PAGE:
The extrusion-related cell death, however, may be of less importance in cancer cells because anoikis is induced through intrinsic apoptosis [120]. Intrinsic apoptosis involves mitochondrial dysfunction that results in the release of proapoptotic proteins, such as cytochrome c and Smac, from the mitochondria [121]. Intrinsic apoptosis is inhibited by Bcl-2, which is commonly upregulated in metastatic cancer cells, suggesting the extrusion-related cell death by Piezo1 is less likely to occur in metastatic cancer cells [122].
Piezo1 has also been linked to increased cancer cell survival in gastric and prostate cancer [43,108]. In gastric cancer, Piezo1 inhibition through knockdown reduced cancer cell growth and increased the sensitivity of the cells to chemotherapy [108,123]. In prostate cancer cells, a similar effect was seen where Piezo1 knockdown caused a small reduction in cell viability in vitro in DU145 cells. However, the Piezo1 knockdown in vivo seemed to have a more prominent impact on tumor growth [43].
Piezo1 has also been linked to apoptosis in cancer cells and other cell types primarily through calpain-mediated apoptosis [22,124,125]. Calpains are proteases that are activated by calcium influx and can induce apoptosis by cleaving Bid to its active form of truncated Bid (tBid) [126]. Calpains can also cleave the Bax/Bak inhibitor protein Bcl-2 [127]. These activities by calpains allow for intrinsic apoptosis to occur and lead to caspase-mediated cell death [128]. In prostate cancer cells, Piezo1 activation by fluid shear stress and Yoda1 significantly increased the sensitivity of the cells to TRAIL-mediated apoptosis. This sensitization by Piezo1 activation was reliant on calcium influx, calpain activation, and increased mitochondrial depolarization [22]. These findings are further supported by another study that used MDA-MB-231 breast cancer cells. This study demonstrated that cyclic stretching of the cancer cells caused a Piezo1-mediated calcium influx that resulted in Bax activation and intrinsic apoptosis [129]. Interestingly, the authors also found that the cyclic stretch promoted cell growth of healthy cells.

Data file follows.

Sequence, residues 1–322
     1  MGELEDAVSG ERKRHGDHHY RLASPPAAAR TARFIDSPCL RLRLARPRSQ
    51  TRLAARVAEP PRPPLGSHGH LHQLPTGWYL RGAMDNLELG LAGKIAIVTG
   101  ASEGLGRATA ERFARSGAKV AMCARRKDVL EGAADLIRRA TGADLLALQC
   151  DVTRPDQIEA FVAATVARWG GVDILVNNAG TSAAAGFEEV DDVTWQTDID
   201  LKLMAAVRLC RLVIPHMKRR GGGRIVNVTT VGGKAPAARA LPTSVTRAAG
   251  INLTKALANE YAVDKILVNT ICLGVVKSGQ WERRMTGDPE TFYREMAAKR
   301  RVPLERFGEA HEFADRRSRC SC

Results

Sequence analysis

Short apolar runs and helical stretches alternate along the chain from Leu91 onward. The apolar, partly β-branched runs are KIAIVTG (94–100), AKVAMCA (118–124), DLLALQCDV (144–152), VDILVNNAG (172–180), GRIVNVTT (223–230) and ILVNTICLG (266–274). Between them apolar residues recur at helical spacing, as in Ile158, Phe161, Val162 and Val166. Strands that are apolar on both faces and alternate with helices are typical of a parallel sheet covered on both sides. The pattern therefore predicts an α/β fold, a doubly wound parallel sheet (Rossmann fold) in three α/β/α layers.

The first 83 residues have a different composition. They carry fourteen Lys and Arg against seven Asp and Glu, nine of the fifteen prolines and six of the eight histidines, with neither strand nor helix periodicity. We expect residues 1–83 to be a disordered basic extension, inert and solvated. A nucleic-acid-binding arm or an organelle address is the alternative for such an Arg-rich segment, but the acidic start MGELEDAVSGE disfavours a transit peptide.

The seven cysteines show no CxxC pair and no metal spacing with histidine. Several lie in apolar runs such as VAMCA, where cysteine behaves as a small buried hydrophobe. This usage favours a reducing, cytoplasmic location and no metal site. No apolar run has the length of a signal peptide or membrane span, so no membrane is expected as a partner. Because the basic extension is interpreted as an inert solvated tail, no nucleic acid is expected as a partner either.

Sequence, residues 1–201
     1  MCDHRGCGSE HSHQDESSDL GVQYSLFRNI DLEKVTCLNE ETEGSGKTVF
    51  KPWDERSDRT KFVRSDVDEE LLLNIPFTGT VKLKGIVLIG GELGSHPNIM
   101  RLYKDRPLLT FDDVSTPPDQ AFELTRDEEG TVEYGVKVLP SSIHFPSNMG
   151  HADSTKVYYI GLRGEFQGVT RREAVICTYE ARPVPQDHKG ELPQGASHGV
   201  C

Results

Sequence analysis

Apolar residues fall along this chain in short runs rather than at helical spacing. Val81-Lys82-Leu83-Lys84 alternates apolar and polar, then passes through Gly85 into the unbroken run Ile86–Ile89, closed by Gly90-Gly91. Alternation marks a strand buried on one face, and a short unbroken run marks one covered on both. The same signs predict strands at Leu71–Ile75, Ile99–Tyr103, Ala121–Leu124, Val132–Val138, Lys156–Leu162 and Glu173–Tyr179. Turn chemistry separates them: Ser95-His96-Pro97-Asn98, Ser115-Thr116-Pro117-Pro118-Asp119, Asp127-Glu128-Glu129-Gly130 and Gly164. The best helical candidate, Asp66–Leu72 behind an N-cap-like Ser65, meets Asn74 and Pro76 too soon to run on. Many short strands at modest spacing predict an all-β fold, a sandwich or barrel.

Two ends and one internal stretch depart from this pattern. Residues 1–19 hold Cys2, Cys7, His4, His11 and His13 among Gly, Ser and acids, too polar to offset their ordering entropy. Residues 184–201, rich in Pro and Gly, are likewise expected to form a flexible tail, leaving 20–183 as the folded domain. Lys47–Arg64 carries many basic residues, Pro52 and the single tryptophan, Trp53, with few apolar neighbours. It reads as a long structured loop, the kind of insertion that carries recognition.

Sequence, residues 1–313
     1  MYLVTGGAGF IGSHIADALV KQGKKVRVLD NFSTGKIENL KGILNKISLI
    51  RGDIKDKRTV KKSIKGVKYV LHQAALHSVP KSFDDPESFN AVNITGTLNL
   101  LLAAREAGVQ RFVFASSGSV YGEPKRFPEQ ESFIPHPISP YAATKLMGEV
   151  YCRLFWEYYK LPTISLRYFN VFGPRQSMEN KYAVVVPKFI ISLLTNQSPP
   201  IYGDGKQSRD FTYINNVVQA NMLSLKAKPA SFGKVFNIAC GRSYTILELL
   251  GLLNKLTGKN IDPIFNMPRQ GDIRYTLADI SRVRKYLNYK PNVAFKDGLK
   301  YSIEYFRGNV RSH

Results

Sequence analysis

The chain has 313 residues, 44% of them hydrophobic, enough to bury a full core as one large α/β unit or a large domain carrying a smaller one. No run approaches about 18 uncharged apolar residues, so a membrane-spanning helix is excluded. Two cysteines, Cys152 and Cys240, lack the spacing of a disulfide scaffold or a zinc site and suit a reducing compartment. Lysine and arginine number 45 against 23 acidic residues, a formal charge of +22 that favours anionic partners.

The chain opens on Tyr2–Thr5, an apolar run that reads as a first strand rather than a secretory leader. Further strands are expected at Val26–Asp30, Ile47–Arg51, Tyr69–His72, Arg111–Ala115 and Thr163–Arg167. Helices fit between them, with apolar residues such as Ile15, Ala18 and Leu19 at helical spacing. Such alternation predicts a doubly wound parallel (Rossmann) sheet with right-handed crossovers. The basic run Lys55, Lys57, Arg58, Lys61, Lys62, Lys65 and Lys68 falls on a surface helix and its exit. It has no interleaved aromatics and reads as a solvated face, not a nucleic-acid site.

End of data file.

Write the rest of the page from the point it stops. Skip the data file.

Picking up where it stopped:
9. Piezo1 in Immune Cells

Calcium signaling in immune cells is known to be crucial to their physiological behavior and expression of enzymes and transcription factors that regulate inflammatory function [130,131]. Additionally, the essential role of mechanical forces in directing immune cell function has received increasing attention, as many disease states involve increased tissue stiffness [132,133,134]. While the exact mechanisms through which mechanosensitive ion channels regulate the immune system are uncertain, the role of Piezo1 in leukocytes has gained recent attention. The growing interest in Piezo1 in immune cells may provide insight into how it functions in cancer cells and how modulating Piezo1 activity may lead to potential cancer immunotherapies and treatment of infectious disease.